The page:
Computer underground Digest Tue Aug 17 1993 Volume 5 : Issue 62 ISSN 1004-042X Editors: Ji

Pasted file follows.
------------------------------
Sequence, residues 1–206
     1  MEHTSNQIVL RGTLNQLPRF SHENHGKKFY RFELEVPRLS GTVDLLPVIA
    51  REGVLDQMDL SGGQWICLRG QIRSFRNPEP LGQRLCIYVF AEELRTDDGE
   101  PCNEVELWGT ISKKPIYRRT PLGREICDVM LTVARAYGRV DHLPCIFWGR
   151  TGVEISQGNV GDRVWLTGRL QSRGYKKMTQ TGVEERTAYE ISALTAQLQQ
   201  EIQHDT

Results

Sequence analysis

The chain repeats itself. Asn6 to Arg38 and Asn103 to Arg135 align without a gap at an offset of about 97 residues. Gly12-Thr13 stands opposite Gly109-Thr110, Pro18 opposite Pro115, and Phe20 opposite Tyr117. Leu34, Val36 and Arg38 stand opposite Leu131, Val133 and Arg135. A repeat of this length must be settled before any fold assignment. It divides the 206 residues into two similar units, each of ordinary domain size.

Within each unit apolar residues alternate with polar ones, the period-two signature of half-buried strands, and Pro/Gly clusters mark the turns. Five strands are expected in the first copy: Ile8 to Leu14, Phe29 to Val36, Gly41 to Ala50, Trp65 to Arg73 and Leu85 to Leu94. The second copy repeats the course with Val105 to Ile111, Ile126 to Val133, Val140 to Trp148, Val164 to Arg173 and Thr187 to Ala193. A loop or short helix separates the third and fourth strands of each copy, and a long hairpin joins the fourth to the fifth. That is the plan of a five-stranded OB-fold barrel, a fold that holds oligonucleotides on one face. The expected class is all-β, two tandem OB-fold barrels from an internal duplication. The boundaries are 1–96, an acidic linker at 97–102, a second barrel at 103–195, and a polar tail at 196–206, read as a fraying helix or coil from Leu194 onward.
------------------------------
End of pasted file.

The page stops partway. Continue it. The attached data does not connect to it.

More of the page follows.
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Computer underground Digest Tue Aug 17 1993 Volume 5 : Issue 62 ISSN 1004-042X Editors: Jim Thomas and Gordon Meyer (TK0JUT2@NIU.BITNET) Archivist: Brendan Kehoe Shadow-Archivists: Dan Carosone / Paul Southworth Ralph Sims / Jyrki Kuoppala Ian Dickinson Copie Editor: Etaoin Shrdlu, Senior CONTENTS, #5.62 (Aug 17 1993) File 1--CU News ("Software felons," "Valuing Info," et. al.) File 2--CuNews ("Technofogies" and more) File 3--Another BBS Seizure in Hartford File 4--Call for Clipper Comments Cu-Digest is a weekly electronic journal/newsletter. Subscriptions are available at no cost electronically from The editors may be contacted by voice (815-753-0303), fax (815-753-6302) or U.S. mail at: Jim Thomas, Department of Sociology, NIU, DeKalb, IL 60115. Issues of CuD can also be found in the Usenet news group; on CompuServe in DL0 and DL4 of the IBMBBS SIG, DL1 of LAWSIG, and DL1 of TELECOM; on GEnie in the PF*NPC RT libraries and in the VIRUS/SECURITY library; from America Online in the PC Telecom forum under "computing newsletters;" On Delphi in the General Discussion database of the Internet SIG; on the PC-EXEC BBS at (414) 789-4210; and on: Rune Stone BBS (IIRG WHQ) (203) 832-8441 NUP:Conspiracy; RIPCO BBS (312) 528-5020 CuD is also available via Fidonet File Request from 1:11/70; unlisted nodes and points welcome. EUROPE: from the ComNet in LUXEMBOURG BBS (++352) 466893; In ITALY: Bits against the Empire BBS: +39-461-980493 ANONYMOUS FTP SITES: UNITED STATES: ( in /pub/cud ( in /pub/CuD/cud in /pub/mirror/cud ( in /pub/eff/cud AUSTRALIA: ( in /pub/text/CuD. EUROPE: in pub/doc/cud. (Finland) in pub/cud (United Kingdom) COMPUTER UNDERGROUND DIGEST is an open forum dedicated to sharing information among computerists and to the presentation and debate of diverse views. CuD material may be reprinted for non-profit as long as the source is cited. Authors hold a presumptive copyright, and they should be contacted for reprint permission. It is assumed that non-personal mail to the moderators may be reprinted unless otherwise specified. Readers are encouraged to submit reasoned articles relating to computer culture and communication. Articles are preferred to short responses. Please avoid quoting previous posts unless absolutely necessary. DISCLAIMER: The views represented herein do not necessarily represent the views of the moderators. Digest contributors assume all responsibility for ensuring that articles submitted do not violate copyright protections. ---------------------------------------------------------------------- Date: Sat, 31 Jul 93 02:01:00 BST From: grmeyer@GENIE.GEIS.COM Subject: File 1--CU News ("Software felons," "Valuing Info," et. al.) Software Felons =============== A federal grand jury in California handed down felony indictments for software piracy near the first week of July. These are the first indictments under the law that makes copyright infringement a fel ony. The indictments follow coast-to-coast raids over the past four months where US Marshals seized over 9.5 millions dollars worth of MS-DOS and Windows operating systems. (Information Week. July 12, 1993. pg 8) Valuing Information =================== How much are your computer files really worth? The Information Systems Security Association has put together a panel to create a methodology for determining the value of information. Representatives from Chase Manhattan Bank, Bank America, and Motorola are among the panel members. The ISSA suggests that valuation can be determined in three ways: Cost to acquire/develop/maintain the info, value to owners/others, and commercial value. (Information Week. July 12, 1993. pg 62) Virus "fax vote" results ======================== Information Week magazine recently conducted a self-selected survey of IS managers and virus security. Some of the more interesting results include: Measures implemented to deal with virus threat: 65% training 86% purchased anti-viral software Company practices altered as a result of virus threat: 49% use of shareware 47% downloading from BBSs State of the virus threat during the past 12 months: 48% increased 34% stayed the same Number of machines infected during past year: 42% none 46% less than 25% For the complete results in each category, and for other questions and comments, refer to Information Week. July 19, 1993. Pgs 25 and following. Holy Data Islands! ================== The Wall Street Journal (July 12, 1993 p B-2) reports that a company founded by Ed Leonard has been farming out data for storage at monasteries. Customers like the prices, and the dedication and discretion of the monks is apparently unmatched. (Information Week. July 19, 1993. pg 62) Singapore Piracy ================ Lotus and Novell have filed criminal charges against a man and wife in Singapore after they were found guilty in a civil suit for copyright and trademark violations. The companies obtained a court or der to freeze nearly one million dollars in assets belonging to the pair, who had sold thousands of illegal software copies in Southeast Asia. (Information Week. May 10, 1993. pg. 8) Computer Ethics Institute Conference ==================================== Information Week reports that Congressman Edward Markey (D - Mass.) made the following remarks at the conference. "Just because personal information can be collected electronically, can be gleaned off the network as people call 800 number or click channels on the television, or can be cross-referenced into sophisticated lists and put on line for sale to others, does not mean that it has been technologically predetermined that privacy and social mores should be bent to that capability. (...) The Constitution is a 200-year-old parchment, simply because we digitize the words should not suggest their meanings change." Later, Markey commented that "Real harm can be done in the virtual world." Refer to "Ethics and Cyberculture" , Information Week, May 10, 1993 pg. 60 for more information on the conference and Markey's speech. Follow-up on Epson America Email Case ===================================== Alana Shoars, plaintiff in a case against Epson America, reports that she's "slogging forward" with the case. Shoars was dismissed from her Email administrator job in January 1990 after she complained that by monitoring employees' Email the company was invading their privacy. Her wrongful termination lawsuit, as well as a class-action lawsuit brought on behalf of 170 Epson employees, is in appellate court. (Information Week. July 26, 1993. pg 62) Political Censorship at Microsoft? ================================== Gregory Steshenko was allowed to emigrate from the Soviet Union to the US in 1987. Last September he landed a job with Microsoft as a support engineer. Last month he was fired, he says, for sending political messages over the Internet. Microsoft contends it was solely for performance reasons. Steshenko's messages typically centered on the political situation in his native Ukraine, and his view that the Ukrainian government is more corrupt than the previous Communist government. ( In fact, Steshenko was once imprisoned in the Soviet Union for spreading "anti-Soviet propaganda"). He comments: ". looks to me like I've found another kind of Big Brother. In the Soviet Union it was the party and the state. In the US, it is the corporation." (Information Week. July 26, 1993. pg 62) Fraud Free with AT&T ==================== AT&T has announced a service that will help protect corporate calling card users from fraudulent use of their card number: AT&T Card Protect (sm) Service gives you real control over card usage. To help prevent unauthorized use, we offer you a range of measures such as geographic restrictions, purchase limits and account passwords to meet your specific calling needs. 24 hours a day, 7 days a week, our Fraud Analysis and Surveillance Center provides state-of-the-art security coverage for every one of your employee's cards. It helps to identify unauthorized card use in real time, allowing prompt action to be taken. Dr. Dobb's Editor Speaks Out Against Clipper Chip ================================================= Jonathan Erickson, editor-in-chief of Dr. Dobb's Journal, writes about the government's "clipper" chip in his July 1993 editorial. Mr. Erickson begins by describing some of the antics and crimes of Ke vin Poulsen, a hacker whose story is familiar to regular CuD readers. After discussing Paulsen, the gist of the FBI's proposal, and the clipper Erickson concludes with this statement: Money and export concerns aside, the real issues remain those of privacy and the government's attitude towards its citizens. What we're witnessing is a fundamental shift from what we've considered to be our Constitutional right to privacy to a view that the government is privy to our most private conversations. This alone is enough to make Kevin Poulsen look like nothing more than an angel with a dirty face. (Dr. Dobb's Journal. July 1993. pg 8) Nosy Bosses =========== Based on a survey in Macworld, an estimated 20 million US employees may be victims of electronic monitoring on the job. Of the 21% of employers admitting to checking up on employees, 74% had searched electronic work files, 42% had searched workers' email and 15% had searched voice mail. When the survey asked why, the nosy respondents replied that their snooping was to monitor work flow or to invest igate espionage and theft. (Communications of the ACM. Aug 1993. pg 9 reprinted with permission) Lax on Tapes ============ The Clinton administration has been blasted by a federal judge on its promise to make good on preserving nearly 6,000 computerized White House records that hold millions of National Security Council e mail messages. In January the judge ordered the tapes copied for preservation. As of late June, the judge threatened to fine the White House and National Archives $50K a day for not complying with prior orders each day the tapes aren't copied. Justice Department lawyers have tried in vain to appeal the order, citing the timetable of the task as causing "irreparable disruption of White House operations". (Communications of the ACM. Aug 1993. pg 10 reprinted with permission) Disco Tech ========== Timothy Leary, the Harvard prof known for his hallucinogenic escapades in the '60s and Virtual Reality experimentation of more recent times, has designed the VR programs for Light, Wisdom, and Sound, a new night club in New York. VR could be on the brink of rivaling dance floors as nightlife entertainment. However, club owners are worried that happy clubbers may never leave the private VR sex room once they get in - it's one of the main attractions of the club. (Communications of the ACM. Aug 1993. pg 10 reprinted with permission) ------------------------------ From: grmeyer@GENIE.GEIS.COM Date: Sat, 7 Aug 93 21:38:00 BST Subject: File 2--CuNews ("Technofogies" and more) Technofogies ============= A survey by Dell Computer Corp found that technophobia is alive and well in the United States. In a survey of 500 adults and 1000 teenagers found that about 25% of the adults has never used a computer, programmed a VCR, or set-up the stations on their car radio. About a third said they feared they might damage a computer during normal use, and a quarter of them said they wouldn't use a computer un less they were forced to do so. About the same percentage said they still miss their typewriters. As you might expect, the results were drastically different for the teens in the sample. Only 8% of them had never used a computer. About the same percentage said they felt uncomfortable using one without assistance. Roughly two-thirds of both groups said they wished computer terminology was easier to understand. Contact Dell Computer Corp for more information about the study. (Information Week. August 2, 1993 pg. 46) More on "Tiger Teams" ===================== Harlan Crouse, a security specialist with the US Army, has a guest editorial in the August 2, 1993 issue of Information Week (pg. 52). Crouse responds to IW's earlier story about firms that use so-called 'tiger teams' of ex-hackers to test security. The following are some excerpts from the editorial. ...using convicted computer criminals to do information security work is the height of folly. We don't use former armed robbers as bank guards and we don't use child molesters as sex therapists; why should we trust our precious information to convicted felons? (...) Common sense dictates that if you something to valuable, you work to protect it. That means all the time - not just when it's convenient or when a security deficiency has become nearly disastrous. What would you think of people who lock the door to their houses only sometimes, or only after their houses have already been burglarized? Lapses in security are almost always traceable, directly or indirectly, to management's inattention to the need to protect organizational assets. Yet managers are seldom held accountable for their negligence. Unfortunately, it's the taxpayers, customers, stockholders, and employees who pay. ------------------------------ Date: Wed, 11 Aug 93 11:58:26 GMT From: Wes Morgan Subject: File 3--Another BBS Seizure in Hartford This was posted to Usenet's alt.censorship newsgroup. > * Forwarded by MATT GIWER from the Main Board conference. > * Original from DON KIMBERLIN to ALL on 08-09-93. > >Date: 08-03-93 (22:35) Number: 1089 >From: KENNETH PAVLAK Refer#: NONE > To: ALL Recvd: NO >Subj: Sysop held on $500,000 Bail Conf: (24) F-Law&Dis >--------------------------------------------------------------------------- >The Hartford Courant on August 5, 1993 (page b-4) stated that a 21 year >old computer BBS operator was arrested for maintaining a computer >bulletin board that had a bomb making recipe. > >Michael Elansky was charged by the West Hartford police with inciting >injury to persons or property - a felony charge - and risk of injury >to a minor. > >He was held in lieu of $500,000 bond (in CT the bond for a person accused >of murder is normally $100,000) > >Det. Capt. James Gustafson said the case was "sealed" and no information >could be released. > >Michal Elansky's father said information from the Anarchists Cook Book >(Available from Paladin Press, P.O. Box 1307, Boulder, CO 80306, >phone 303-443-7250) was on the bbs placed there by person or persons >unknown; it was impossible for his son to keep track of due to the >number of calls to his bbs. > >And so, Big Brother now says that passing along information will get >a person 21 years old locked up on a half a million dollars bail, while >accused murderers get out on 100,000 dollars. The newspaper did not >say if the computer or the files from it were taken. > >Can the people who were on that bbs look forward to a "Visit" from >the servants of Big Brother? > >Will they be arrested if they downloaded VERBOTEN information? Will >there be MASS ARRESTS of people who have knowledge that is no longer >permitted? > >Time will tell > >=== GEcho 1.00 > > * SPEED 1.30 >01< * Remember, god works in meaningless ways. > > >-- >Internet: Matt >UUCP: ...!myrddin!mechanic!326!Matt.Giwer >Note: mechanic is a Fidonet<>USENET gate for TAMPA BAY,FL. > The opinions stated in this post are only my own! ------------------------------ Date: Tue, 17 Aug 1993 14:23:16 EST From: Dave Banisar Subject: File 4--Call for Clipper Comments Call for Clipper Comments The National Institute of Standards and Technology (NIST) has issued a request for public comments on its proposal to establish the "Skipjack" key-escrow system as a Federal Information Processing Standard (FIPS). The deadline for the submission of comments is September 28, 1993. The full text of the NIST notice follows. CPSR is urging all interested individuals and organizations to express their views on the proposal and to submit comments directly to NIST. Comments need not be lengthy or very detailed; all thoughtful statements addressing a particular concern will likely contribute to NIST's evaluation of the key-escrow proposal. The following points could be raised about the NIST proposal (additional materials on Clipper and the key escrow proposal may be found at the CPSR ftp site, * The potential risks of the proposal have not been assessed and many questions about the implementation remain unanswered. The NIST notice states that the current proposal "does not include identification of key escrow agents who will hold the keys for the key escrow microcircuits or the procedures for access to the keys." The key escrow configuration may also create a dangerous vulnerability in a communications network. The risks of misuse of this feature should be weighed against any perceived benefit. * The classification of the Skipjack algorithm as a "national security" matter is inappropriate for technology that will be used primarily in civilian and commercial applications. Classification of technical information also limits the computing community's ability to evaluate fully the proposal and the general public's right to know about the activities of government. * The proposal was not developed in response to a public concern or a business request. It was put forward by the National Security Agency and the Federal Bureau of Investigation so that these two agencies could continue surveillance of electronic communications. It has not been established that is necessary for crime prevention. The number of arrests resulting from wiretaps has remained essentially unchanged since the federal wiretap law was enacted in 1968. * The NIST proposal states that the escrow agents will provide the key components to a government agency that "properly demonstrates legal authorization to conduct electronic surveillance of communications which are encrypted." The crucial term "legal authorization" has not been defined. The vagueness of the term "legal authorization" leaves open the possibility that court-issued warrants may not be required in some circumstances. This issue must be squarely addressed and clarified. * Adoption of the proposed key escrow standard may have an adverse impact upon the ability of U.S. manufacturers to market cryptographic products abroad. It is unlikely that non-U.S. users would purchase communication security products to which the U.S. government holds keys. Comments on the NIST proposal should be sent to: Director, Computer Systems Laboratory ATTN: Proposed FIPS for Escrowed Encryption Standard Technology Building, Room B-154 National Institute of Standards and Technology Gaithersburg, MD 20899 Submissions must be received by September 28, 1993. CPSR has asked NIST that provisions be made to allow for electronic submission of comments. Please also send copies of your comments on the key escrow proposal to CPSR for inclusion in the CPSR Internet Library, our ftp site. Copies should be sent to . ================================================================= FEDERAL REGISTER VOL. 58, No. 145 DEPARTMENT OF COMMERCE (DOC) National Institute of Standards and Technology (NIST) Docket No. 930659-3159 RIN 0693-AB19 A Proposed Federal Information Processing Standard for an Escrowed Encryption Standard (EES) 58 FR 40791 Friday, July 30, 1993 Notice; request for comments. SUMMARY: A Federal Information Processing Standard (FIPS) for an Escrowed Encryption Standard (EES) is being proposed. This proposed standard specifies use of a symmetric-key encryption/decryption algorithm and a key escrowing method which are to be implemented in electronic devices and used for protecting certain unclassified government communications when such protection is required. The algorithm and the key escrowing method are classified and are referenced, but not specified, in the standard. This proposed standard adopts encryption technology developed by the Federal government to provide strong protection for unclassified information and to enable the keys used in the encryption and decryption processes to be escrowed. This latter feature will assist law enforcement and other government agencies, under the proper legal authority, in the collection and decryption of electronically transmitted information. This proposed standard does not include identification of key escrow agents who will hold the keys for the key escrow microcircuits or the procedures for access to the keys. These issues will be addressed by the Department of Justice. The purpose of this notice is to solicit views from the public, manufacturers, and Federal, state, and local government users so that their needs can be considered prior to submission of this proposed standard to the Secretary of Commerce for review and approval. The proposed standard contains two sections: (1) An announcement section, which provides information concerning the applicability, implementation, and maintenance of the standard; and (2) a specifications section which deals with the technical aspects of the standard. Both sections are provided in this notice. DATES: Comments on this proposed standard must be received on or before September 28, 1993. ADDRESSES: Written comments concerning the proposed standard should be sent to: Director, Computer Systems Laboratory, ATTN: Proposed FIPS for Escrowed Encryption Standard, Technology Building, room B-154, National Institute of Standards and Technology, Gaithersburg, MD 20899. Written comments received in response to this notice will be made part of the public record and will be made available for inspection and copying in the Central Reference and Records Inspection Facility, room 6020, Herbert C. Hoover Building, 14th Street between Pennsylvania and Constitution Avenues, NW., Washington, DC 20230. FOR FURTHER INFORMATION CONTACT: Dr. Dennis Branstad, National Institute of Standards and Technology, Gaithersburg, MD 20899, telephone (301) 975-2913. SUPPLEMENTARY INFORMATION: This proposed FIPS implements the initiative announced by the White House Office of the Press Secretary on April 16, 1993. The President of the U.S. approved a Public Encryption Management directive, which among other actions, called for standards to facilitate the procurement and use of encryption devices fitted with key-escrow microcircuits in Federal communication systems that process sensitive, but unclassified information. Dated: July 26, 1993. Arati Prabhakar, Director.(NIST) ++++++++++++++++++++++++++++++++++++++++++++++++++++ Federal Information Processing Standards Publication XX 1993 XX Announcing the Escrowed Encryption Standard (EES) Federal Information Processing Standards Publications (FIPS PUBS) are issued by the National Institute of Standards and Technology (NIST) after approval by the Secretary of Commerce pursuant to section 111(d) of the Federal Property and Administrative Services Act of 1949 as amended by the Computer Security Act of 1987, Public Law 100-235. Name of Standard: Escrowed Encryption Standard (EES). Category of Standard: Telecommunications Security. Explanation: This Standard specifies use of a symmetric-key encryption (and decryption) algorithm and a Law Enforcement Access Field (LEAF) creation method (one part of a key escrow system) which provide for decryption of encrypted telecommunications when interception of the telecommunications is lawfully authorized. Both the algorithm and the LEAF creation method are to be implemented in electronic devices (e.g., very large scale integration chips). The devices may be incorporated in security equipment used to encrypt (and decrypt) sensitive unclassified telecommunications data. Decryption of lawfully intercepted telecommunications may be achieved through the acquisition and use of the LEAF, the decryption algorithm and escrowed key components. To escrow something (e.g., a document, an encryption key) means that it is "delivered to a third person to be given to the grantee only upon the fulfillment of a condition" (Webster's Seventh New Collegiate Dictionary). A key escrow system is one that entrusts components of a key used to encrypt telecommunications to third persons, called key component escrow agents. In accordance with the common definition of "escrow", the key component escrow agents provide the key components to a "grantee" (i.e., a government agency) only upon fulfillment of the condition that the grantee properly demonstrates legal authorization to conduct electronic surveillance of communications which are encrypted using the specific device whose key component is requested. The key components obtained through this process are then used by the grantee to reconstruct the device unique key and obtain the session key (contained in the LEAF) which is used to decrypt the telecommunications that are encrypted with that device. The term, "escrow", for purposes of this standard, is restricted to the dictionary definition. The encryption/decryption algorithm has been approved for government applications requiring encryption of sensitive unclassified telecommunications of data as defined herein. The specific operations of the algorithm and the LEAF creation method are classified and hence are referenced, but not specified, in this standard. Data, for purposes of this standard, includes voice, facsimile and computer information communicated in a telephone system. Telephone system, for purposes of this standard, is limited to systems circuit-switched up to no more than 14.4 kbs or which use basic-rate ISDN, or to a similar grade wireless service. Data that is considered sensitive by a responsible authority should be encrypted if it is vulnerable to unauthorized disclosure during telecommunications. A risk analysis should be performed under the direction of a responsible authority to determine potential threats and risks. The costs of providing encryption using this standard as well as alternative methods and their respective costs should be projected. A responsible authority should then make a decision, based on the risk and cost analyses, whether or not to use encryption and then whether or not to use this standard. Approving Authority: Secretary of Commerce. Maintenance Agency: Department of Commerce, National Institute of Standards and Technology. Applicability: This standard is applicable to all Federal departments and agencies and their contractors under the conditions specified below. This standard may be used in designing and implementing security products and systems which Federal departments and agencies use or operate or which are operated for them under contract. These products may be used when replacing Type II and Type III (DES) encryption devices and products owned by the government and government contractors. This standard may be used when the following conditions apply: 1. An authorized official or manager responsible for data security or the security of a computer system decides that encryption is required and cost justified as per OMB Circular A-130; and 2. The data is not classified according to the National Security Act of 1947, as amended, or the Atomic Energy Act of 1954, as amended. However, Federal departments or agencies which use encryption devices for protecting data that is classified according to either of these acts may use those devices also for protecting unclassified data in lieu of this standard. In addition, this standard may be adopted and used by non-Federal Government organizations. Such use is encouraged when it provides the desired security. Applications: Devices conforming to this standard may be used for protecting unclassified communications. Implementations: The encryption/decryption algorithm and the LEAF creation method shall be implemented in electronic devices (e.g., electronic chip packages) that can be physically protected against unauthorized entry, modification and reverse engineering. Implementations which are tested and validated by NIST will be considered as complying with this standard. An electronic device shall be incorporated into a cyptographic module in accordance with FIPS 140-1. NIST will test for conformance with FIPS 140-1. Cryptographic modules can then be integrated into security equipment for sale and use in an application. Information about devices that have been validated, procedures for testing equipment for conformance with NIST standards, and information about obtaining approval of security equipment are available from the Computer Systems Laboratory, NIST, Gaithersburg, MD 20899. Export Control: Implementations of this standard are subject to Federal Government export controls as specified in title 22, Code of Federal Regulations, parts 120 through 131 (International Traffic of Arms Regulations -ITAR). Exporters of encryption devices, equipment and technical data are advised to contact the U.S. Department of State, Office of Defense Trade Controls for more information. Patents: Implementations of this standard may be covered by U.S. and foreign patents. Implementation Schedule: This standard becomes effective thirty days following publication of this FIPS PUB. Specifications: Federal Information Processing Standard (FIPS XXX)(affixed). Cross Index: a. FIPS PUB 46-2, Data Encryption Standard. b. FIPS PUB 81, Modes of Operation of the DES c. FIPS PUB 140-1, Security Requirements for Cryptographic Modules. Glossary: The following terms are used as defined below for purposes of this standard: Data-Voice, facsimile and computer information communicated in a telephone system. Decryption-Conversion of ciphertext to plaintext through the use of a cryptographic algorithm. Device (cryptographic)-An electronic implementation of the encryption/decryption algorithm and the LEAF creation method as specified in this standard. Digital data-Data that have been converted to a binary representation. Encryption-Conversion of plaintext to ciphertext through the use of a cryptographic algorithm. Key components-The values from which a key can be derived (e.g., KU sub 1 + KU sub 2). Key escrow -A process involving transferring one or more components of a cryptographic key to one or more trusted key component escrow agents for storage and later use by government agencies to decrypt ciphertext if access to the plaintext is lawfully authorized. LEAF Creation Method 1-A part of a key escrow system that is implemented in a cryptographic device and creates a Law Enforcement Access Field. Type I cryptography-A cryptographic algorithm or device approved by the National Security Agency for protecting classified information. Type II cryptography-A cryptographic algorithm or device approved by the National Security Agency for protecting sensitive unclassified information in systems as specified in section 2315 of Title 10 United State Code, or section 3502(2) of Title 44, United States Code. Type III cryptography-A cryptographic algorithm or device approved as a Federal Information Processing Standard. Type III(E) cryptography-A Type III algorithm or device that is approved for export from the United States. Qualifications. The protection provided by a security product or system is dependent on several factors. The protection provided by this standard against key search attacks is greater than that provided by the DES (e.g., the cryptographic key is longer). However, provisions of this standard are intended to ensure that information encrypted through use of devices implementing this standard can be decrypted by a legally authorized entity. Where to Obtain Copies of the Standard: Copies of this publication are for sale by the National Technical Information Service, U.S. Department of Commerce, Springfield, VA 22161. When ordering, refer to Federal Information Processing Standards Publication XX (FIPS PUB XX), and identify the title. When microfiche is desired, this should be specified. Prices are published by NTIS in current catalogs and other issuances. Payment may be made by check, money order, deposit account or charged to a credit card accepted by NTIS. Specifications for the Escrowed Encryption Standard 1. Introduction This publication specifies Escrowed Encryption Standard (EES) functions and parameters. 2. General This standard specifies use of the SKIPJACK cryptographic algorithm and the LEAF Creation Method 1 (LCM-1) to be implemented in an approved electronic device (e.g., a very large scale integration electronic chip). The device is contained in a logical cryptographic module which is then integrated in a security product for encrypting and decrypting telecommunications. Approved implementations may be procured by authorized organizations for integration into security equipment. Devices must be tested and validated by NIST for conformance to this standard. Cryptographic modules must be tested and validated by NIST for conformance to FIPS 140-1. 3. Algorithm Specifications The specifications of the encryption/decryption algorithm (SKIPJACK) and the LEAF Creation Method 1 (LCM-1) are classified. The National Security Agency maintains these classified specifications and approves the manufacture of devices which implement the specifications. NIST tests for conformance of the devices implementing this standard in cryptographic modules to FIPS 140-1 and FIPS 81. 4. Functions and Parameters 4.1 Functions The following functions, at a minimum, shall be implemented: 1. Data Encryption: A session key (80 bits) shall be used to encrypt plaintext information in one or more of the following modes of operation as specified in FIPS 81: ECB, CBC, OFB (64) CFB (1, 8, 16, 32, 64). 2. Data Decryption: The session key (80 bits) used to encrypt the data shall be used to decrypt resulting ciphertext to obtain the data. 3. Key Escrow: The Family Key (KF) shall be used to create the Law Enforcement Access Field (LEAF) in accordance with the LEAF Creation Method 1 (LCM-1). The Session Key shall be encrypted with the Device Unique Key and transmitted as part of the LEAF. The security equipment shall ensure that the LEAF is transmitted in such a manner that the LEAF and ciphertext may be decrypted with legal authorization. No additional encryption or modification of the LEAF is permitted. 4.2 Parameters The following parameters shall be used in performing the prescribed functions: 1. Device Identifier (DID): The identifier unique to a particular device and used by the Key Escrow System. 2. Device Unique Key (KU): The cryptographic key unique to a particular device and used by the Key Escrow System. 3. Cryptographic Protocol Field (CPF): The field identifying the registered cryptographic protocol used by a particular application and used by the Key Escrow System (reserved for future specification and use). 4. Escrow Authenticator (EA): A binary pattern that is inserted in the LEAF to ensure that the LEAF is transmitted and received properly and has not been modified, deleted or replaced in an unauthorized manner. 5. Initialization Vector (IV): A mode and application dependent vector of bytes used to initialize, synchronize and verify the encryption, decryption and key escrow functions. 6. Family Key (KF): The cryptographic key stored in all devices designated as a family that is used to create the LEAF. 7. Session Key (KS): The cryptographic key used by a device to encrypt and decrypt data during a session. 8. Law Enforcement Access Field (LEAF): The field containing the encrypted session key and the device identifier and the escrow authenticator. 5. Implementation The Cryptographic Algorithm and the LEAF Creation Method shall be implemented in an electronic device (e.g., VLSI chip) which is highly resistant to reverse engineering (destructive or non-destructive) to obtain or modify the cryptographic algorithms, the KU, the EA, the CPF, the operational KS, or any KU, the EA, the CPF, the operational KS, or any other security or Key Escrow System relevant information. The device shall be able to be programmed/personalized (i.e., made unique) after mass production in such a manner that the DID, KU (or its components), KF (or its components) and EA fixed pattern can be entered once (and only once) and maintained without external electrical power. The LEAF and the IV shall be transmitted with the ciphertext. The specifics of the protocols used to create and transmit the LEAF, IV, and encrypted data shall be registered and a CPF assigned. The CPF shall then be transmitted in accordance with the registered specifications. The specific electric, physical and logical interface will vary with the implementation. Each approved, registered implementation shall have an unclassified electrical, physical and logical interface specification sufficient for an equipment manufacturer to understand the general requirements for using the device. Some of the requirements may be classified and therefore would not be specified in the unclassified interface specification. ------------------------------ End of Computer Underground Digest #5.62 ************************************